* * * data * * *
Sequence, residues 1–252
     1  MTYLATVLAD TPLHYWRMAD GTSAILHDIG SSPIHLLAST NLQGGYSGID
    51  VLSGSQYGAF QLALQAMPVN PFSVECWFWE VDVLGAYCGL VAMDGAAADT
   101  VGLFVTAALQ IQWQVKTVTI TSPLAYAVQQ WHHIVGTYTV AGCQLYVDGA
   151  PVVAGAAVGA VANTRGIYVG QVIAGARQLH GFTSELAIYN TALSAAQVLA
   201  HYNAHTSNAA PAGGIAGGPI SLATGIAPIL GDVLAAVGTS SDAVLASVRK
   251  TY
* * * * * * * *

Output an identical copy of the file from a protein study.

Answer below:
Sequence, residues 1–252
     1  MTYLATVLAD TPLHYWRMAD GTSAILHDIG SSPIHLLAST NLQGGYSGID
    51  VLSGSQYGAF QLALQAMPVN PFSVECWFWE VDVLGAYCGL VAMDGAAADT
   101  VGLFVTAALQ IQWQVKTVTI TSPLAYAVQQ WHHIVGTYTV AGCQLYVDGA
   151  PVVAGAAVGA VANTRGIYVG QVIAGARQLH GFTSELAIYN TALSAAQVLA
   201  HYNAHTSNAA PAGGIAGGPI SLATGIAPIL GDVLAAVGTS SDAVLASVRK
   251  TY